In such global crises, countries and nations band together as one humanity, and reach out to ease things for those in greater need. Challenging as they may be, such times provide a tremendous opportunity to exhibit magnanimity, consideration, kindness and compassion.

Wounds in this war are more internal– emotional and psychological– for millions who have been forced into a no-exit situation and feel trapped, socially isolated and alone. The outcome: depression, anxiety, bankruptcy, economic recession and above all human lives lost.

It is a war in which prisoners are being released, not taken into captivity. Courts and authorities in several countries have ordered that under-trial prisoners involved in petty crimes be freed. The Islamabad High Court in a welcome move last week ordered release of 1,362 such prisoners from Adiala Jail, Rawalpindi, as the fight against the Covid-19 pandemic continues. Additionally, it directed the Islamabad police not to make, for foreseeable future, any more arrests of those involved in minor offences. Reportedly this is in line with the government’s national action plan under the WHO’s declaration of ‘public emergency of international concern’.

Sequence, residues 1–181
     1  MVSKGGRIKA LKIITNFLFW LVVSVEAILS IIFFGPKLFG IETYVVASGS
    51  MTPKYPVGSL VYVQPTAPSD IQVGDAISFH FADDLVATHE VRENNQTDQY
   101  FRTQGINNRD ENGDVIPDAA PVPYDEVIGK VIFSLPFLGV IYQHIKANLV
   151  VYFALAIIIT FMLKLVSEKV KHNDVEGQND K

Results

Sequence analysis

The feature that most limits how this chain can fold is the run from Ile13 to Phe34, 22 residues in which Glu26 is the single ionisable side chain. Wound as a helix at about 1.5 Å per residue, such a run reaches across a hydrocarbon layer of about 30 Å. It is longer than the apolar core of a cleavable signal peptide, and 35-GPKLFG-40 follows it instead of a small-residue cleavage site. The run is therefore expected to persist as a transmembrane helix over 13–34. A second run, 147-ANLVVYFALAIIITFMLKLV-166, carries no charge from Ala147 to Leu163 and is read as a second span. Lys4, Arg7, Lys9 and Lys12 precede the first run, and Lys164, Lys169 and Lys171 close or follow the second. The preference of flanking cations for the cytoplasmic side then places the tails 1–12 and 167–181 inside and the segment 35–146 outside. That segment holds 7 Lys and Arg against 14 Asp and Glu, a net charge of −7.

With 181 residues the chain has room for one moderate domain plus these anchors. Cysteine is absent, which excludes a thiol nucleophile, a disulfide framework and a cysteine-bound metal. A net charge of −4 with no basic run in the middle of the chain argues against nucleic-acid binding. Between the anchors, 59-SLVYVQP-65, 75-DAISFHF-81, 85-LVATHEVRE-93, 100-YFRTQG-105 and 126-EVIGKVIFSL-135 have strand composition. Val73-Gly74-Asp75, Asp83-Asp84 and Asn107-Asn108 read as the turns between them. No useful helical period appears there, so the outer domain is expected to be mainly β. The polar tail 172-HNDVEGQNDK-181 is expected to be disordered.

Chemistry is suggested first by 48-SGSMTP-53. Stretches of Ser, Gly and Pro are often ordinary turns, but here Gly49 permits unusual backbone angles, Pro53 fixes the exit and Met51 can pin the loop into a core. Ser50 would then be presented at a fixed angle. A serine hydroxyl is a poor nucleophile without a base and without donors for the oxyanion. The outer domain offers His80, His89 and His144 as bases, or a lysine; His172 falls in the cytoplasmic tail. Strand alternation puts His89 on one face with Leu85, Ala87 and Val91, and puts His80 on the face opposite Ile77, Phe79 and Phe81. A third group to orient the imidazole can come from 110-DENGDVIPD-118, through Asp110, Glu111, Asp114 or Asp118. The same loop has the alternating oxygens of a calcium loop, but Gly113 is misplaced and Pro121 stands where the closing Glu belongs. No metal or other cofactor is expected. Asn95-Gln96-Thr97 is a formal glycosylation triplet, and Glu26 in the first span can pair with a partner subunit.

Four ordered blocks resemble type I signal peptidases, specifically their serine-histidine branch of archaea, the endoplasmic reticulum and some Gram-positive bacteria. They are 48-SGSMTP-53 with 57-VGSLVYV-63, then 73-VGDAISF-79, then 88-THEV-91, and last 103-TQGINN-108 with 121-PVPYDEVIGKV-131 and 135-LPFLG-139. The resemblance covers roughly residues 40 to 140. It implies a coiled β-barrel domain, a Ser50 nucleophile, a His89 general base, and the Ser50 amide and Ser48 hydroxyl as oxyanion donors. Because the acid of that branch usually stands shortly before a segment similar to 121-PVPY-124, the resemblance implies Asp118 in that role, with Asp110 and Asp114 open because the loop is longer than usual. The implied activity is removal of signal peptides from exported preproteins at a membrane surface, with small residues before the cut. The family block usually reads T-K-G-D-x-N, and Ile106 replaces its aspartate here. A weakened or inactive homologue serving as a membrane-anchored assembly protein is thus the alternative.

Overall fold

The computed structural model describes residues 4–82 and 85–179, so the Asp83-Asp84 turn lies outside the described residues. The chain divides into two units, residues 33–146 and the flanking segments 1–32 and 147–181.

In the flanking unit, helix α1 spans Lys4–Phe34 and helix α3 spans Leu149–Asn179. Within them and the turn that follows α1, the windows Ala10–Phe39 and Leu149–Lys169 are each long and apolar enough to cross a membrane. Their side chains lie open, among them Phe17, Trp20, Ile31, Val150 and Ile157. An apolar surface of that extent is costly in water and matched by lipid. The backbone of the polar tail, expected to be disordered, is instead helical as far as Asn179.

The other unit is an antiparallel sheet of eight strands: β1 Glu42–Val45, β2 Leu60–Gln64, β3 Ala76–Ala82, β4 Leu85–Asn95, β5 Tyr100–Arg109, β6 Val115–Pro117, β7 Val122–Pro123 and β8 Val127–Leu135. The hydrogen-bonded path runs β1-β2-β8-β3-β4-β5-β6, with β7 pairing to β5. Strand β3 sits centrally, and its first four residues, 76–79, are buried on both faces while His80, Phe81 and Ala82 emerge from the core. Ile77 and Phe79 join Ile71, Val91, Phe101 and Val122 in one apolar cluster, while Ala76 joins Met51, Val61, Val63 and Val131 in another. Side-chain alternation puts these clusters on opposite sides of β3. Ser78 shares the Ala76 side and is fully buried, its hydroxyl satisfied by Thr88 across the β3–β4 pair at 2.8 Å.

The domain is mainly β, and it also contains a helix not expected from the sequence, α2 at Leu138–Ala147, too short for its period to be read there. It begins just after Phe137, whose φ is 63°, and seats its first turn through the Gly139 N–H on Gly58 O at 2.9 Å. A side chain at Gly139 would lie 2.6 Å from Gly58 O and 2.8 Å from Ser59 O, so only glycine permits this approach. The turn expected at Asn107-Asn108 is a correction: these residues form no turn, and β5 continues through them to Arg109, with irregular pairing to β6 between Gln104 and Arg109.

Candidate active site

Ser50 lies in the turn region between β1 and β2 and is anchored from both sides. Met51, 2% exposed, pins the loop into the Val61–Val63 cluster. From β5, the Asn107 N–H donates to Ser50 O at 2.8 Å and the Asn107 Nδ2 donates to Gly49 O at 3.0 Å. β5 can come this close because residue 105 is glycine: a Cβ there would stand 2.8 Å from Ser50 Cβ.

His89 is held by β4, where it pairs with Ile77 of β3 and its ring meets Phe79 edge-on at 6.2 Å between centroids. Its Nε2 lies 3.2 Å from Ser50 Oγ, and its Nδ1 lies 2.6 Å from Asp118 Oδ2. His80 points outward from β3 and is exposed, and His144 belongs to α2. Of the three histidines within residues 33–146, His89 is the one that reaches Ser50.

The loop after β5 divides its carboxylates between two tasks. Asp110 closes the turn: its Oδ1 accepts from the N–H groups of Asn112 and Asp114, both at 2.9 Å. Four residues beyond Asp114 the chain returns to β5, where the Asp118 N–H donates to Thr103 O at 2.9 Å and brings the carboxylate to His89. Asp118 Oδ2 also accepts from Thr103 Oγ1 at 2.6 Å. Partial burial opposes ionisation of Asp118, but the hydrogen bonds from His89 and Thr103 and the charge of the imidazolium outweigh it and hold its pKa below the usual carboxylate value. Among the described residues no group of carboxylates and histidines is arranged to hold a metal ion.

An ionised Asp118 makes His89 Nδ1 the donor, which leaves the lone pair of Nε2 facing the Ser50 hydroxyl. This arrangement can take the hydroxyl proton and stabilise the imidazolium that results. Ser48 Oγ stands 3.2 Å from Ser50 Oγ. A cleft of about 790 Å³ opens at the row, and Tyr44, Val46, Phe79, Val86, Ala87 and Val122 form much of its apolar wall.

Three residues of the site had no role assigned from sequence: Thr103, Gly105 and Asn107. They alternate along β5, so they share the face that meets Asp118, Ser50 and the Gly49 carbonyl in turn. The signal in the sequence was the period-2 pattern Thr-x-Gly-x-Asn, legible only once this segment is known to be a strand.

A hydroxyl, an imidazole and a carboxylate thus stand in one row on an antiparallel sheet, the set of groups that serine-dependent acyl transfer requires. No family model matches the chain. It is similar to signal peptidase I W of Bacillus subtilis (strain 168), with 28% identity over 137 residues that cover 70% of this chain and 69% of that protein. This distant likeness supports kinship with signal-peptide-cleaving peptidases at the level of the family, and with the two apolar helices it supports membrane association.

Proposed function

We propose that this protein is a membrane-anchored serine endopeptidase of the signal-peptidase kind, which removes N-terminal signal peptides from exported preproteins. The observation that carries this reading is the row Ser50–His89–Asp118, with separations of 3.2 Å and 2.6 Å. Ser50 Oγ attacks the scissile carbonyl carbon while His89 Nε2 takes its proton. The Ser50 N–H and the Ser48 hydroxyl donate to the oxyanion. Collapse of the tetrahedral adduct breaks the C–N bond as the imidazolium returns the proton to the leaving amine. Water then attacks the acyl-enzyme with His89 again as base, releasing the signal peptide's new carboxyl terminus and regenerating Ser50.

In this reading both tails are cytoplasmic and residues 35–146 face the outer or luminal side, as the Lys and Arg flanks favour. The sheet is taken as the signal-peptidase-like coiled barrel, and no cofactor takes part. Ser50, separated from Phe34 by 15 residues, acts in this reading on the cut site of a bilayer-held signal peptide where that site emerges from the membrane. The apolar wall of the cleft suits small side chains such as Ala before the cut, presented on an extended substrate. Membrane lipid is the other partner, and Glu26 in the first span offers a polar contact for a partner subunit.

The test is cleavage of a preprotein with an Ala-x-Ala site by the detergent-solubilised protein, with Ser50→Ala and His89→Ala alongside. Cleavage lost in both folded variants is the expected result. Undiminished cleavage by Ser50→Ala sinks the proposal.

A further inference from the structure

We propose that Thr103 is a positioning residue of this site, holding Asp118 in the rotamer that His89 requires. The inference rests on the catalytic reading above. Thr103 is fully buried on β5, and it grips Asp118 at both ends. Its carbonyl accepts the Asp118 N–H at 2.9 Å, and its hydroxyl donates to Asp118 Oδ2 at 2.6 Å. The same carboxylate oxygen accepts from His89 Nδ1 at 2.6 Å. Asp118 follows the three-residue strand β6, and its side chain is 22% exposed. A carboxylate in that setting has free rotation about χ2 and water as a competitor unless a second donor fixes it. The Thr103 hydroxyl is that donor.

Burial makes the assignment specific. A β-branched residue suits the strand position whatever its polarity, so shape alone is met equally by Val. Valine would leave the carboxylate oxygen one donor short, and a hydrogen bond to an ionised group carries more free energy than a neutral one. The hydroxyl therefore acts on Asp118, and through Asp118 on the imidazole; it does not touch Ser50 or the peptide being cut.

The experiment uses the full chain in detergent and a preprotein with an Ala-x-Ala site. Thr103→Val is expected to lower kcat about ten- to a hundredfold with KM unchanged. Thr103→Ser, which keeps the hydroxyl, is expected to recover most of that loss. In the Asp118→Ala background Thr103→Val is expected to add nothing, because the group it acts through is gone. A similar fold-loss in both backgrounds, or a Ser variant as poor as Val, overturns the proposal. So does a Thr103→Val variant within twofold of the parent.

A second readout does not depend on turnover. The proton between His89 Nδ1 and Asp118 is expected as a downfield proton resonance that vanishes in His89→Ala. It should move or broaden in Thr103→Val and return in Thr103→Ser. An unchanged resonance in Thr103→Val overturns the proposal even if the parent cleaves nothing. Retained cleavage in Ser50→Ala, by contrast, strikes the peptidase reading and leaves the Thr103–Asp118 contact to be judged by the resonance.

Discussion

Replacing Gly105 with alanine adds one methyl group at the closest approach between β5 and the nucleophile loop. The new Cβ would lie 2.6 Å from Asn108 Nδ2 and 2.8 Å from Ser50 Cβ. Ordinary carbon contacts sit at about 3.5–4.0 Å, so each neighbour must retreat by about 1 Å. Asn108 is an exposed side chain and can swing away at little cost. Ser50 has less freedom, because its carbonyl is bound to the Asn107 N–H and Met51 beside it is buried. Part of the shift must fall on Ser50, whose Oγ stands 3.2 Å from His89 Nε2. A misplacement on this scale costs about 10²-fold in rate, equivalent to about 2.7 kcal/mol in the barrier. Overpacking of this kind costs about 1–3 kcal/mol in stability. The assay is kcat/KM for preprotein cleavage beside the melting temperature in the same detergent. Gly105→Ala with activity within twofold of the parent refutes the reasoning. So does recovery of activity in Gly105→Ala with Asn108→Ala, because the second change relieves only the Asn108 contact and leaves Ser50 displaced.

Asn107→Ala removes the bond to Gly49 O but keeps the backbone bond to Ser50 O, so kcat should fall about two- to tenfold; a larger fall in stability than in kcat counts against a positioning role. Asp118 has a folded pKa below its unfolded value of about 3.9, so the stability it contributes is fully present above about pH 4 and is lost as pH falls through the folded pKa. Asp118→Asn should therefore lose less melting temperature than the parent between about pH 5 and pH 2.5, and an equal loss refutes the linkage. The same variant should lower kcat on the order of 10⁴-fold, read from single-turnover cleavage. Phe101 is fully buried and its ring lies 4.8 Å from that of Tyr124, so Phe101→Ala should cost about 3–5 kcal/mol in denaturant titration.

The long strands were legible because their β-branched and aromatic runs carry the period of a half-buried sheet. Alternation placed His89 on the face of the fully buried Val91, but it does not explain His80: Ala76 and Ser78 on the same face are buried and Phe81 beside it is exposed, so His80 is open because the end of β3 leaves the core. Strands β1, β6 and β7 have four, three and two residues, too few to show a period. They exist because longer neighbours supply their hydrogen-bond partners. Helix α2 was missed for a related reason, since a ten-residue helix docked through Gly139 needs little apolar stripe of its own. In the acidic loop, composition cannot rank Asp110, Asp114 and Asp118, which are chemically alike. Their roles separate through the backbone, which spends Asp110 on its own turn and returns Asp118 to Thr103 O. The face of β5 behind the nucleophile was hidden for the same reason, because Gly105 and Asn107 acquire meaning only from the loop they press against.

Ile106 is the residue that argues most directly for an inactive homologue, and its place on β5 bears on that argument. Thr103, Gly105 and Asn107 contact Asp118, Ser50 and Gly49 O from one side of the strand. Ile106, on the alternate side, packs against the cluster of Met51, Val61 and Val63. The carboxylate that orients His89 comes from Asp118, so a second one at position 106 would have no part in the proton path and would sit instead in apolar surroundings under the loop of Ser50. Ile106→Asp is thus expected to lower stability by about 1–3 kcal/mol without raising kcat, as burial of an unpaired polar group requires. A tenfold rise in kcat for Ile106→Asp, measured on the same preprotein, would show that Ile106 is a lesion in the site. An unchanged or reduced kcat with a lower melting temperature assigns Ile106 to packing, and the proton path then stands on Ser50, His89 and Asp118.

No winners yet as Covid-19 covertly spreads far and wide, pushing back a third of humanity into lockdowns, shutdowns, slowdowns and curfew-like situations. China, where it started in December, seems to have some respite now, as does South Korea.

It is to be seen whether this once- in-a-century type of pandemic will lead to yet a newer world order. Will there be a paradigm shift of regional and global power centres? Will it lead to more fragmentation in times to come or bridging political differences and divergences? Will there be a greater sense of community and spirit of accommodation as a consequence of this colossal humanitarian crisis? Finally, will the ultimate triumph be of human goodness and resilience? Signs are that it will be.